This article is in need of a technical review.

This is an experimental technology
Because this technology's specification has not stabilized, check the compatibility table for the proper prefixes to use in various browsers. Also note that the syntax and behavior of an experimental technology is subject to change in future versions of browsers as the spec changes.

Summary

The :scope CSS pseudo-class matches the elements that are a reference point for selectors to match against. In HTML, a new reference point can be defined using the scoped attribute of the <style>. If no such attribute is used on an HTML page, the reference point is the <html> element.

Syntax

:scope { style properties }

Example

<article>
  The element selected by :scope has a lime background if your browser supports scoped stylesheet.
  <section> 
    <p>Outside scope.</p>
  </section>
  <section>
    <style scoped>
      :scope { background-color: lime; }
    </style>
    <p>Inside scope.</p>
  </section>
  <section> 
    <p>Outside scope.</p>
  </section>
</article>

Live result

Specifications

Specification Status Comment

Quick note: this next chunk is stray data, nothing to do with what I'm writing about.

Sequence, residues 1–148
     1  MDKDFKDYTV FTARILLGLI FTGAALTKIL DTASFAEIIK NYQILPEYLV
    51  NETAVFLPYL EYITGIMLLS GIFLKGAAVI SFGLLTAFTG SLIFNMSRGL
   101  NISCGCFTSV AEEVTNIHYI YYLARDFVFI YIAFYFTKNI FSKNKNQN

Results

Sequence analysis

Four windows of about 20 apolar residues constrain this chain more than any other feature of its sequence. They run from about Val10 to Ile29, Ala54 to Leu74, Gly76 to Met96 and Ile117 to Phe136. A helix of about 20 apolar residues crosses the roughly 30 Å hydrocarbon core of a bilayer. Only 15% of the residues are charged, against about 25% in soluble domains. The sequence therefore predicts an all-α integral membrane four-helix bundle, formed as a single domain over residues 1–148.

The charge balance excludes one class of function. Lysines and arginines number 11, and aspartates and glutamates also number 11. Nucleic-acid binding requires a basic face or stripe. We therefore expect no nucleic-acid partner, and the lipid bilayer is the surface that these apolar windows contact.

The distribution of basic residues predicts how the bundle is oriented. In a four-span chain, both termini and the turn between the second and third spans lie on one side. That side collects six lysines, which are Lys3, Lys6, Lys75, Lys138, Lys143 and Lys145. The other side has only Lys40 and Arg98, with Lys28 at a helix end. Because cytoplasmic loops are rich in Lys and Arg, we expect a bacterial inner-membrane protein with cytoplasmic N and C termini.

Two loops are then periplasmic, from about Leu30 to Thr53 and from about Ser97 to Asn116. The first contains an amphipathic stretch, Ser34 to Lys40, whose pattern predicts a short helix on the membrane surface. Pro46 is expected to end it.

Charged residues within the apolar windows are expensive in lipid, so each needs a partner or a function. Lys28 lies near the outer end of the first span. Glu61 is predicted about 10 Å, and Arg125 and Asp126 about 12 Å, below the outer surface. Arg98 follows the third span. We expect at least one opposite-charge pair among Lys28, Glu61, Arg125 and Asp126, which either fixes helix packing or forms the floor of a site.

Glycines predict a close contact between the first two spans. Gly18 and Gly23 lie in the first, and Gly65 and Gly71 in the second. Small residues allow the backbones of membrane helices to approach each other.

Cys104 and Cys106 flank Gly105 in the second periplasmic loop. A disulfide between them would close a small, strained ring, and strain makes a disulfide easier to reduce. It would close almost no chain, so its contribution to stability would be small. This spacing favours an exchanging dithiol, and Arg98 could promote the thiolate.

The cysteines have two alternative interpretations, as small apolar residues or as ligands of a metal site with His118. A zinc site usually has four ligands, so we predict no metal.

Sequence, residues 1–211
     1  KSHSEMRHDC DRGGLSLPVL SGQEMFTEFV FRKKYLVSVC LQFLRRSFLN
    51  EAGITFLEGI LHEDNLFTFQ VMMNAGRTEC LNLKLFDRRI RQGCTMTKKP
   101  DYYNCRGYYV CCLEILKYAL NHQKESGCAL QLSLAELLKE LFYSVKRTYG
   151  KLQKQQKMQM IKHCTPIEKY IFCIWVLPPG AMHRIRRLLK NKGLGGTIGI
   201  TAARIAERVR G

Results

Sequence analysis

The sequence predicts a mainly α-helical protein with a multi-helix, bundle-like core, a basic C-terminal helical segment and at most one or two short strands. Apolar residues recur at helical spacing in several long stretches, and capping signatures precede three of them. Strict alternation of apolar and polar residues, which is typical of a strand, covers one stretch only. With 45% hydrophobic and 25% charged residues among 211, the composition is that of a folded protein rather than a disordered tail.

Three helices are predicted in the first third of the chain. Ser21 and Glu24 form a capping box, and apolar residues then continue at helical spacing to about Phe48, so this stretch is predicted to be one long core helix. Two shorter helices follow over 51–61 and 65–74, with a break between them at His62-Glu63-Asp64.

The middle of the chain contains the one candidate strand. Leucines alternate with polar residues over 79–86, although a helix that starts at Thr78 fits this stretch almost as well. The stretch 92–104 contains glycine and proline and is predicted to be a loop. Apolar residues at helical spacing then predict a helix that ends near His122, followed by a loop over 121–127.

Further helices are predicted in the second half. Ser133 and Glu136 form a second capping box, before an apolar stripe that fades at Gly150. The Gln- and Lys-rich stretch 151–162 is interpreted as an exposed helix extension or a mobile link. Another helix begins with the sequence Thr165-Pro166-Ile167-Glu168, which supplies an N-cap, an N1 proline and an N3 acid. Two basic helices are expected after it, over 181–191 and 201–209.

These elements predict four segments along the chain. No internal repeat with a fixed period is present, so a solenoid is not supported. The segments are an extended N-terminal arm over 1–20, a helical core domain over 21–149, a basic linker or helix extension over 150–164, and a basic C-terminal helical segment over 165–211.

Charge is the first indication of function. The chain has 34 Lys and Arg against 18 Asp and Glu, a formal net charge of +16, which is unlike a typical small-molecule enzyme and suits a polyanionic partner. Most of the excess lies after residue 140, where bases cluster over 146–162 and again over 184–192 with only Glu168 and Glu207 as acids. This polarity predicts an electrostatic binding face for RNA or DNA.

Selectors Level 4
The definition of ':scope' in that specification.
Working Draft Initial definition

Browser compatibility

Feature Chrome Firefox (Gecko) Internet Explorer Opera Safari
Basic support 20[1] 21 Not supported Not supported 7.0[3]
In .querySelector/.querySelectorAll (Yes) 32 Not supported Not supported 7.0
Feature Android Firefox Mobile (Gecko) IE Mobile Opera Mobile Safari Mobile
Basic support ? 25[2] Not supported Not supported 7.0
In .querySelector/.querySelectorAll ? 32 Not supported Not supported 7.0

[1] Supported in Chrome 20+ by enabling the "Enable <style scoped>" or "experimental WebKit features" flag in chrome://flags.

[2] Gecko 20 and later implement :scope pseudo-classes, but the preference layout.css.scope-pseudo.enabled must be set to true. This is only the case by default in Nightly and Aurora test versions and since Firefox 32.

[3] Although Safari 7 registers a match of the pseudo-class, and therefore applies the CSS rule, it does not yet support style scoping itself, with the consequence that the applied CSS rule floods beyond the intended portion of the document.

See also

Document Tags and Contributors

Last updated by: Sebastianz,